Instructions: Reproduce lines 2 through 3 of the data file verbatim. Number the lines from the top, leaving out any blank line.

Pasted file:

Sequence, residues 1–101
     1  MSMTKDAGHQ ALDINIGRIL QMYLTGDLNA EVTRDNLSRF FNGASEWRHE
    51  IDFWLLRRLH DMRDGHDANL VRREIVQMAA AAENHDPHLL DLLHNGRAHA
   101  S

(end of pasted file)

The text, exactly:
     1  MSMTKDAGHQ ALDINIGRIL QMYLTGDLNA EVTRDNLSRF FNGASEWRHE
    51  IDFWLLRRLH DMRDGHDANL VRREIVQMAA AAENHDPHLL DLLHNGRAHA